Strings: about thirty to thirty-six violinists, twelve violists, ten to twelve cellists, and eight double basses. Woodwinds: two futes and a piccolo, two clarinets and a bass clarinet, two oboes and an English horn, two bassoons and a contrabassoon.
Percussion: one to four players, who between them manage the timpani and all the other percussion instru- ments, moving from one to the other. For unlike the violins, for example, the percussion instruments seldom have to be played continuously throughout a piece. There are several seating plans for orchestras; which is chosen depends on at least two factors. The conductor judges which arrangement makes the best sound in the particular hall. And some conductors feel they can con- trol the orchestra better with one arrangement, some with another.
One such seating plan is shown on page Keyboard Instruments Though most orchestras today include a pianist, the piano is a relatively new addition to the symphony orchestra. In earlier times, the orchestra regularly included another keyboard instrument, the harpsichord. The great advantage of keyboard instruments, of course, is that they can play more than one note at a time. A pianist, for example, can play a whole piece on a key- board instrument without requiring any other musicians at all.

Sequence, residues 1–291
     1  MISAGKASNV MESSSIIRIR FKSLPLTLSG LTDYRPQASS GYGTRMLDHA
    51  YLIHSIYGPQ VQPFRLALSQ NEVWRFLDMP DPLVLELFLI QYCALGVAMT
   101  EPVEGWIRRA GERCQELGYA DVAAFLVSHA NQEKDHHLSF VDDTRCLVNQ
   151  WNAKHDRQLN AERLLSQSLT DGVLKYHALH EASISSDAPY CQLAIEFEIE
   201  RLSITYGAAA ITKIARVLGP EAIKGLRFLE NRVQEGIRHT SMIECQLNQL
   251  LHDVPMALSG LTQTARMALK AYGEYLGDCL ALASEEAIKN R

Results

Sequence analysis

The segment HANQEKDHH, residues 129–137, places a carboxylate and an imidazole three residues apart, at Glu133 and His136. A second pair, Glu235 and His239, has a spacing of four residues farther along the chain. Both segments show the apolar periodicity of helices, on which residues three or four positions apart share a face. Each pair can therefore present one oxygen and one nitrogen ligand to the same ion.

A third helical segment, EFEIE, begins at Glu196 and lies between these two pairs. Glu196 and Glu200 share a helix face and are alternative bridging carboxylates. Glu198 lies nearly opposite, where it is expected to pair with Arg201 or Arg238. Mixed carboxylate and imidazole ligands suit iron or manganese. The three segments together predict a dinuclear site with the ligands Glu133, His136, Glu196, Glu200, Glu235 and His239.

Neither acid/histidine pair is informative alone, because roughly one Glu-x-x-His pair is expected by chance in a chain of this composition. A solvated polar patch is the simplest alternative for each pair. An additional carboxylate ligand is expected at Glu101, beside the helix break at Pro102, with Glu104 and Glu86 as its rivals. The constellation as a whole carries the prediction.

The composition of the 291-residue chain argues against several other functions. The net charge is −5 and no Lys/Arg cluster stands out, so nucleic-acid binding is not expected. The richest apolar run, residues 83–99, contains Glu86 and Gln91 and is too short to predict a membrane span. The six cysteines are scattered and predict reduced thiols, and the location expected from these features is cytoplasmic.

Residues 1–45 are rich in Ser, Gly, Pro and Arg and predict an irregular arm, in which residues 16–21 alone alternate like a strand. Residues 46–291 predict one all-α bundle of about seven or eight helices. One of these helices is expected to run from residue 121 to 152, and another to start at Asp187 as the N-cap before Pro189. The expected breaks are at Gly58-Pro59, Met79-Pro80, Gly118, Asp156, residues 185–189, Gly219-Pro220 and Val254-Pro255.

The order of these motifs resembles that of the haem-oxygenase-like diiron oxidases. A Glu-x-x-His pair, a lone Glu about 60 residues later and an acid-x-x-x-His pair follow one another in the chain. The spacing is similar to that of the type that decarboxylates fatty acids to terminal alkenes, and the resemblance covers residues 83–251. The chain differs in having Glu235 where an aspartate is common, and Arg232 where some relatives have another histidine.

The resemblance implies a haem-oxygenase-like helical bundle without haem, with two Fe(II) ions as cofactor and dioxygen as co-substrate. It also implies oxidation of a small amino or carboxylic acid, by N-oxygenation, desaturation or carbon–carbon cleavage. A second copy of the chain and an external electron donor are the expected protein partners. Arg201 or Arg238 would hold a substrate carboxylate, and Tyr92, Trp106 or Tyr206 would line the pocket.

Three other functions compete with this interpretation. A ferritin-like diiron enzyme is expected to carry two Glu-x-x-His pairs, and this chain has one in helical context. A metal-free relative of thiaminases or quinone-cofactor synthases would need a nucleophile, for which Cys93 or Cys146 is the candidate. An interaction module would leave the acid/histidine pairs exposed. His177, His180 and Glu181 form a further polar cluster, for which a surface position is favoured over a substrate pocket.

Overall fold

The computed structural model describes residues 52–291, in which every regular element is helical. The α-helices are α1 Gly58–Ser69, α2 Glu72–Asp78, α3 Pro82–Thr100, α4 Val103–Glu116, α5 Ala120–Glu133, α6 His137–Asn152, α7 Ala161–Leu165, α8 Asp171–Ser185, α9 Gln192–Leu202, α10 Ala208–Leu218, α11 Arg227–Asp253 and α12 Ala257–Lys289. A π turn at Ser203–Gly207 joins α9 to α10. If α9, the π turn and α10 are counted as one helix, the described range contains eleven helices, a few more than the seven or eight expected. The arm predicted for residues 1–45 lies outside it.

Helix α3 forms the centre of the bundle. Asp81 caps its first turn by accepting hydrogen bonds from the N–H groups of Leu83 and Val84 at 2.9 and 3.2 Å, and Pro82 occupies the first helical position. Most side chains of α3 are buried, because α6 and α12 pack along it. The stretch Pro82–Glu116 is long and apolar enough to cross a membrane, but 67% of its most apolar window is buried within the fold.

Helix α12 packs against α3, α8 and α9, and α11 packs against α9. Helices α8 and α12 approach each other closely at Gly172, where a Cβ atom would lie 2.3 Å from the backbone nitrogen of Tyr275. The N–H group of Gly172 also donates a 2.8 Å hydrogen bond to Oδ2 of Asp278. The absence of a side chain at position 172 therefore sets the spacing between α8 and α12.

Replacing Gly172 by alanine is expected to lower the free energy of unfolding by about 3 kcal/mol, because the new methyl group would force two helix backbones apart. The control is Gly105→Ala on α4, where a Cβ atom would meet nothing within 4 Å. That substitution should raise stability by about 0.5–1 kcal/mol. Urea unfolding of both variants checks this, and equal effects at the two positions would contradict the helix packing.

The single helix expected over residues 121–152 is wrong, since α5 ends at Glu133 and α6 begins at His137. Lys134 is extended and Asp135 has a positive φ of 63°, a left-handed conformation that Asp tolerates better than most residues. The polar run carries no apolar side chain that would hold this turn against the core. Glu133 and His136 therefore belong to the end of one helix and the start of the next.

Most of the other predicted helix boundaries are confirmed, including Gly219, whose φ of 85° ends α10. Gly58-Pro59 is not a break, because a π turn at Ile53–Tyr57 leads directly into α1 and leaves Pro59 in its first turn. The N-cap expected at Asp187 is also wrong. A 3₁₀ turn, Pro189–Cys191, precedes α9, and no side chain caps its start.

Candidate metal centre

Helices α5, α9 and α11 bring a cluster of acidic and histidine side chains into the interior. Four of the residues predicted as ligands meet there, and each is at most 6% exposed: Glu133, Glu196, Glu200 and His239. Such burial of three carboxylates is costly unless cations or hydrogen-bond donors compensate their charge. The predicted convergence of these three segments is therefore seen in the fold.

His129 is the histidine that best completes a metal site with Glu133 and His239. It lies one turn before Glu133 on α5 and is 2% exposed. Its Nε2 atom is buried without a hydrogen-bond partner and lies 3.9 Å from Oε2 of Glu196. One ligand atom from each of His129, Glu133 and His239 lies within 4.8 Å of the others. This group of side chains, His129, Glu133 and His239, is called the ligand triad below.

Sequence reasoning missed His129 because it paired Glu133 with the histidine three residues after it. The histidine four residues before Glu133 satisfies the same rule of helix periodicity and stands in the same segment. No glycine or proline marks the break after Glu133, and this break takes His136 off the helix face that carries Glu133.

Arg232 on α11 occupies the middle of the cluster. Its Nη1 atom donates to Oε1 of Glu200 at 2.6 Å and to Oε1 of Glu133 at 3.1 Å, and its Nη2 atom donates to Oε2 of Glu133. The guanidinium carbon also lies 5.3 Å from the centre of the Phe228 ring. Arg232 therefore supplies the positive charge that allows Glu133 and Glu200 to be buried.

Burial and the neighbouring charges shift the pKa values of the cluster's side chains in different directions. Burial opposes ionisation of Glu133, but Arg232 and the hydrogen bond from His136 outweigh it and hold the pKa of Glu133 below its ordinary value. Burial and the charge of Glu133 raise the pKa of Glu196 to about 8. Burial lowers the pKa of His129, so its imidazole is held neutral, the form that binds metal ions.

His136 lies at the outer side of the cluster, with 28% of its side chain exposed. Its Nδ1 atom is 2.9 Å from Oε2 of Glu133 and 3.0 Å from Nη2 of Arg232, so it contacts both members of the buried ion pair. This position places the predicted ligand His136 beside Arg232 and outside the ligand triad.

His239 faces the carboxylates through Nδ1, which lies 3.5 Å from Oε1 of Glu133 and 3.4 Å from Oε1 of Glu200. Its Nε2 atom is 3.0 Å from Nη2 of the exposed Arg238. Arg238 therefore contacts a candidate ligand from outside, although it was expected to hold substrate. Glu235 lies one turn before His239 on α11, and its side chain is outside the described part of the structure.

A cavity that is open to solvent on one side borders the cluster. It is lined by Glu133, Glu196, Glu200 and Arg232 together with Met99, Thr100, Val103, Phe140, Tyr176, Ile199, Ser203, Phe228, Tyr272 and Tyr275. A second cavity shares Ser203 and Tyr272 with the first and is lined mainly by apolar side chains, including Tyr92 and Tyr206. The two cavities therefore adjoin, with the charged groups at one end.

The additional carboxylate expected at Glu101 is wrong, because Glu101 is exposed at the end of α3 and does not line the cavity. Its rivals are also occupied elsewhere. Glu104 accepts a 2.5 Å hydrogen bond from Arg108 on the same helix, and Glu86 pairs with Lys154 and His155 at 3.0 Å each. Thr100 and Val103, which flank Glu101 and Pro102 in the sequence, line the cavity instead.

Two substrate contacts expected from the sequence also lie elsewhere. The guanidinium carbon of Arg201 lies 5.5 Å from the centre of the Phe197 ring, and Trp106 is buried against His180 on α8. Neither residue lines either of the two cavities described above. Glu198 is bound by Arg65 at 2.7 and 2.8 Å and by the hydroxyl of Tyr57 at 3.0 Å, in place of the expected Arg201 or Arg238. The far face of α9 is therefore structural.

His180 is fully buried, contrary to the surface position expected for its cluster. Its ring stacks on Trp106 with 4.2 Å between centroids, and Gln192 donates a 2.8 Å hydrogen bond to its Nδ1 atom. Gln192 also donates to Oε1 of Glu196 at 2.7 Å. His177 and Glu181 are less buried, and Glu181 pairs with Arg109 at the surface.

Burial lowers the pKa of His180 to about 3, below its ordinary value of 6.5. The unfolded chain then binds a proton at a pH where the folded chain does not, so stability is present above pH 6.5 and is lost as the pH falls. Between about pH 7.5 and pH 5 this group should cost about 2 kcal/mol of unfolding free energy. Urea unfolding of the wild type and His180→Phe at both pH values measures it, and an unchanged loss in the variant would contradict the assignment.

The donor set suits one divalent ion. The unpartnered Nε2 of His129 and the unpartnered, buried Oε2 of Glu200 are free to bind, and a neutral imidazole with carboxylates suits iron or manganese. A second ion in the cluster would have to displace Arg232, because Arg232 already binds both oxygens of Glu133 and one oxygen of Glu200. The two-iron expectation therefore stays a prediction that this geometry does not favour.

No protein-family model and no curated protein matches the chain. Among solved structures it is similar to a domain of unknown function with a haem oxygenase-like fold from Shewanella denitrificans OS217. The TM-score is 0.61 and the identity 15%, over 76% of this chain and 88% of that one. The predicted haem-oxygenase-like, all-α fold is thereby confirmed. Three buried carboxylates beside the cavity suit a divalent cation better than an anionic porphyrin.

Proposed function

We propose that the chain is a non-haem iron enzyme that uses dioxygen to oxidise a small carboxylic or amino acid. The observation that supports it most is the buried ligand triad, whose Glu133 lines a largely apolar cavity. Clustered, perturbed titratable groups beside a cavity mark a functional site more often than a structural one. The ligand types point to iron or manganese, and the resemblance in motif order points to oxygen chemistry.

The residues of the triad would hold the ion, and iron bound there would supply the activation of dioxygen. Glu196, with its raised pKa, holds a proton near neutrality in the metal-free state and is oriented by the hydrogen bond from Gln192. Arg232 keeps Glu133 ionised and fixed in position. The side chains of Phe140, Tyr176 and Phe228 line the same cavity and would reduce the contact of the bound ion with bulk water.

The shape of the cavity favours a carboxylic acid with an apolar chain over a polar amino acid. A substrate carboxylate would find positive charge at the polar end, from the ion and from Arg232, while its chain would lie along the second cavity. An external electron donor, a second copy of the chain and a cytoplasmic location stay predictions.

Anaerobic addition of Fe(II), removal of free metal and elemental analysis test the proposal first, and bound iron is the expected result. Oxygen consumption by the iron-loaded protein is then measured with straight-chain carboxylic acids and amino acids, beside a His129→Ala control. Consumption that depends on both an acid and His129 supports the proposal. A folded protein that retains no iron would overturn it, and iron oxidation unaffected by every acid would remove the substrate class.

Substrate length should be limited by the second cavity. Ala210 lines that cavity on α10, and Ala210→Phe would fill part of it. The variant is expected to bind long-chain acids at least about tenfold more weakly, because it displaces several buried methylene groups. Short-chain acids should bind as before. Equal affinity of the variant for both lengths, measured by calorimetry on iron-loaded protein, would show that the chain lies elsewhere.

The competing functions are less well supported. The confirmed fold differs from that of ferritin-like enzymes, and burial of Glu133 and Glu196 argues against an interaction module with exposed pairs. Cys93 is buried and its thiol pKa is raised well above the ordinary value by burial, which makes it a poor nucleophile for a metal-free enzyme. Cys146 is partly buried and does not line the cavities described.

Consequently the solo music that has been written for piano, harpsichord, and organ is much more extensive than accompanied solo music for other instru- ments more extensive and ultimately more important. Piano The tuned strings of a piano are struck by felt-covered hammers, activated from a keyboard. Much technological ingenuity has been devoted to the activating mechanism, or action. The hammers must strike the string and then fall back at once, while a damping device made of felt touches the string to stop the sound instantly.
All this must be done so fast that the pianist can play repeated notes as fast as the hand can move. Also, many shades of loudness and softness must lie ready under the players fngers.